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Contributions of High Resolution Electrograms Memorized by DDDR Pacemakers in the Interpretation of Arrhythmic Events

Authors


  • The study was sponsored by Guidant France.

Address for reprints: Pascal Defaye, M.D., University Hospital, Hopital Michalon BP 217, 38043 Grenoble Cedex 9, France. Fax: 33-4-76-76-56-23; e-mail: Pdefaye@chu-grenoble.fr

Abstract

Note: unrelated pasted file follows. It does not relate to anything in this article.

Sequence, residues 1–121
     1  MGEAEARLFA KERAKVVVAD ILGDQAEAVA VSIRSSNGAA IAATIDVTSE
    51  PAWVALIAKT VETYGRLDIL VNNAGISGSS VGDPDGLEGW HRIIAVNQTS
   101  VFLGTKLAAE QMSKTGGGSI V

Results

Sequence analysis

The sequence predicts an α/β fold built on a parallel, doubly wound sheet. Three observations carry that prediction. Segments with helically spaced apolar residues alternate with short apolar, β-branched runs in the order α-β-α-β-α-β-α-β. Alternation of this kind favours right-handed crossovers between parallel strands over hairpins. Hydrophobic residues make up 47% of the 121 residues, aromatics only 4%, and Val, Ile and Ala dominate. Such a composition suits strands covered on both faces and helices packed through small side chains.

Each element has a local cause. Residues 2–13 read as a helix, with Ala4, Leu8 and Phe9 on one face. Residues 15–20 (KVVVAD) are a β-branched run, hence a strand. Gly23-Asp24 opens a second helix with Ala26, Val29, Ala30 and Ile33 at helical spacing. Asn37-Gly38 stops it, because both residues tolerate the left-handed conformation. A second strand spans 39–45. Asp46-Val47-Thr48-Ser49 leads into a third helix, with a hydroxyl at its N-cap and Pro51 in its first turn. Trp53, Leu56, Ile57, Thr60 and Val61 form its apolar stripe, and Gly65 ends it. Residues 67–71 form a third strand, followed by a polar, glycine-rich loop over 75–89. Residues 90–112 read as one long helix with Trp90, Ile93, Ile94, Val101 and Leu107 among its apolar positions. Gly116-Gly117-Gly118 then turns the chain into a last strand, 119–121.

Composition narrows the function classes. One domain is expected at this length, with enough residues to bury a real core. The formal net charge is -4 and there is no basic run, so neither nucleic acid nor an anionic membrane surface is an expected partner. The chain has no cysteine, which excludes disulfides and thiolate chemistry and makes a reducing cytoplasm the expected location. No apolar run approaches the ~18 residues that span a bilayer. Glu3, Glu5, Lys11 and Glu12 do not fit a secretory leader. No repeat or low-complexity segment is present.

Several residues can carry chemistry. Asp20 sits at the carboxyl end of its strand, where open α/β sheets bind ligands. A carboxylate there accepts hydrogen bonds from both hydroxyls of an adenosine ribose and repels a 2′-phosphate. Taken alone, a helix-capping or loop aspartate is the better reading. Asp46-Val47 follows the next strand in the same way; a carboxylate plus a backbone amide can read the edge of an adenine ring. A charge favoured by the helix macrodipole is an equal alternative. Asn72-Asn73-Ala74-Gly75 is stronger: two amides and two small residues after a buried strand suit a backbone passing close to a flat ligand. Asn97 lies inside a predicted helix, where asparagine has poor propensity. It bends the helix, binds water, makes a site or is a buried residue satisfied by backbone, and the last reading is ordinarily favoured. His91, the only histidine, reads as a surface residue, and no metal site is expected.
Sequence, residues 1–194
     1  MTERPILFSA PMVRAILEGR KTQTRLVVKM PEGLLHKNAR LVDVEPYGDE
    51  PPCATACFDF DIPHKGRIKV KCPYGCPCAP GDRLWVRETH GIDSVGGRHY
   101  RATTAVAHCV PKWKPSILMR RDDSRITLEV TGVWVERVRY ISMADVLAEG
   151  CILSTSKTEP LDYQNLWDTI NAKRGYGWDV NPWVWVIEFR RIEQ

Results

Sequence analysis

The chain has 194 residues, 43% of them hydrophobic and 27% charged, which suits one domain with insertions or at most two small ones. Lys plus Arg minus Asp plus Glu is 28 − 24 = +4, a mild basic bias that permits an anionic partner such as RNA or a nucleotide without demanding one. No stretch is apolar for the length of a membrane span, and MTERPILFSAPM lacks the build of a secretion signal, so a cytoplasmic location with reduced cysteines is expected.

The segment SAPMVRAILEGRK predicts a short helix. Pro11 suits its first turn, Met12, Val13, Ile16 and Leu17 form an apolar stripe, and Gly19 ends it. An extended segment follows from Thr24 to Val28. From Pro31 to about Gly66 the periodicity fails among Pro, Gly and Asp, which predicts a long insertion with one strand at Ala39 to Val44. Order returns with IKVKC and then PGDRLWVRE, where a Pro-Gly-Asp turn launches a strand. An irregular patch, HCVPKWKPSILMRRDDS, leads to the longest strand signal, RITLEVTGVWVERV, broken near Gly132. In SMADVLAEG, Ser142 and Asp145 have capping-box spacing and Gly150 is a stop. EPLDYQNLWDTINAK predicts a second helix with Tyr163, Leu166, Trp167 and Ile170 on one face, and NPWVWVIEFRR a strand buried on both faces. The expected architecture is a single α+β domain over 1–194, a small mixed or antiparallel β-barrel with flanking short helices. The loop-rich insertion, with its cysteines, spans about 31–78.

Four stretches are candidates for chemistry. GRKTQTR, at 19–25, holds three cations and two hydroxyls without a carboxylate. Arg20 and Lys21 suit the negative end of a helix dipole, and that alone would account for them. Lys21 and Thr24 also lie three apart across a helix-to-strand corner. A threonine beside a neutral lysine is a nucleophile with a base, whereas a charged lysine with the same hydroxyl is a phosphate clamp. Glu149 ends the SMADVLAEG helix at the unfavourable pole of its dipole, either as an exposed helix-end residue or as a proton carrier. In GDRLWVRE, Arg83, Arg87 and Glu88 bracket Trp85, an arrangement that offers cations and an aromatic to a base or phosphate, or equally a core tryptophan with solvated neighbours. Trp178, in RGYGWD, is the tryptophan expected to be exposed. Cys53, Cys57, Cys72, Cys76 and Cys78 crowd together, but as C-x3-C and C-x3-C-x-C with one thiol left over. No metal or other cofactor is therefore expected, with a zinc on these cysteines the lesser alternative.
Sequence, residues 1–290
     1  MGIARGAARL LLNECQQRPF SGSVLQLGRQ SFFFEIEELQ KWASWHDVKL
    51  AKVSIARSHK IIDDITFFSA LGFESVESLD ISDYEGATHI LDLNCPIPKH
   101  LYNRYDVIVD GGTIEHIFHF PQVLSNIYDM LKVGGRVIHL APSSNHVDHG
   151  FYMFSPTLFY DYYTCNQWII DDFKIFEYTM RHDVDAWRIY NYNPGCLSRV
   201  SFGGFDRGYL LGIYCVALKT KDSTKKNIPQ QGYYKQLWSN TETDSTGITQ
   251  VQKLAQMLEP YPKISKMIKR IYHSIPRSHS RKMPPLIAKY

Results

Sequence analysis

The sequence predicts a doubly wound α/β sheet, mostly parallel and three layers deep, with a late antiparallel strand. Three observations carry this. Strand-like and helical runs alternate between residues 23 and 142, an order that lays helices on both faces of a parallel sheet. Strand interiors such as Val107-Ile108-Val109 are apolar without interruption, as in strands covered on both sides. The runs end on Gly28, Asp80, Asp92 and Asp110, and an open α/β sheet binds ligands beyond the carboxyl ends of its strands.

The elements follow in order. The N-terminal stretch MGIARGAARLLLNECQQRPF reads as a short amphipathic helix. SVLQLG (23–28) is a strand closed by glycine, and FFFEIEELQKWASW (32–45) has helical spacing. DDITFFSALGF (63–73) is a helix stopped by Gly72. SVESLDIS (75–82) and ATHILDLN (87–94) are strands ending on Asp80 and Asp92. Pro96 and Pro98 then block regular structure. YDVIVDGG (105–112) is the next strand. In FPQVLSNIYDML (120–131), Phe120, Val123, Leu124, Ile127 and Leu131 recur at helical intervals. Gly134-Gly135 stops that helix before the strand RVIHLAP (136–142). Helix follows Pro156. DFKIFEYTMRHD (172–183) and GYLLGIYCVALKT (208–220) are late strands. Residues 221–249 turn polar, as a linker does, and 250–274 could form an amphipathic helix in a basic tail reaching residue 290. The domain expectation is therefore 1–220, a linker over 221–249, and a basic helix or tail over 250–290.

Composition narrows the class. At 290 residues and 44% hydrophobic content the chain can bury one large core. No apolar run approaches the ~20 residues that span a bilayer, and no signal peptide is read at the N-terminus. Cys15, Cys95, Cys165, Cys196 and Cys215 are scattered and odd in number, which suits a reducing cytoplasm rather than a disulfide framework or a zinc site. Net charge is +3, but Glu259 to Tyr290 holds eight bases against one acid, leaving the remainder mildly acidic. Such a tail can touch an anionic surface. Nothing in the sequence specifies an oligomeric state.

DEFAYE, P.,et al.: Contributions of High Resolution Electrograms Memorized by DDDR Pacemakers in the Interpretation of Arrhythmic Events.The accuracy of information retrievable from the memories of DDDR pacing systems has been limited by the absence of actual electrograms confirming the proper sensing of spontaneous cardiac activity versus that of extraneous signals. This study examined the diagnostic power of a new arrhythmia interpretation scheme, which includes the recording and storage of high resolution endocavitary atrial and ventricular electrograms (HREGM). HREGM stored in the memories of new generation pacemakers (PM) in response to nonsustained ventricular tachycardia (NSVT), sustained VT, and atrial arrhythmias were analyzed in a follow-up registry of 520 patients at 1 month, and 3 to 6 months after implantation of a PM for standard indications. For each sequence of stored HREGM, the accuracy of the PM response was examined, classified as accurate (true positive), versus inaccurate (false positive), versus undetermined, and the relative contribution of the HREGM in verifying the PM diagnosis was measured. During a follow-up of4.9 ± 2  months, 256 (49%) of the 520 patients had an event recorded, which was confirmed to be arrhythmic on the basis of HREGM. Overall, approximately 34% of atrialtachy response (ATR) episodes were confirmed to be appropriate. Similar percentages of episodes were prompted by oversensing of signals unrelated to cardiac arrhythmias, while nearly 12% of the episodes could not be clarified because of such brief duration as to preclude recording of their onset. Approximately one-third of NSVT, and one-half of VT detections were false positive. Ventricular oversensing, most often due to myopotential interference in presence of unipolar sensing, and atrial undersensing were both identified as sources of false-positive detections of ventricular events. The proportion of true-positive detections was significantly higher in the bipolar (83%) than unipolar configuration. Among 520 PM recipients, miscellaneous episodes of atrial arrhythmias were confirmed by HREGM in 37% of patients within 3 to 6  months of follow-up. Atrial fibrillation was confirmed in only 6% of patients, of whom over 50% already had histories of atrial fibrillation. The prevalence of unsuspected atrial arrhythmia in this unselected population was lower than previously reported. (PACE 2003; 26[Pt. II]:214–220)

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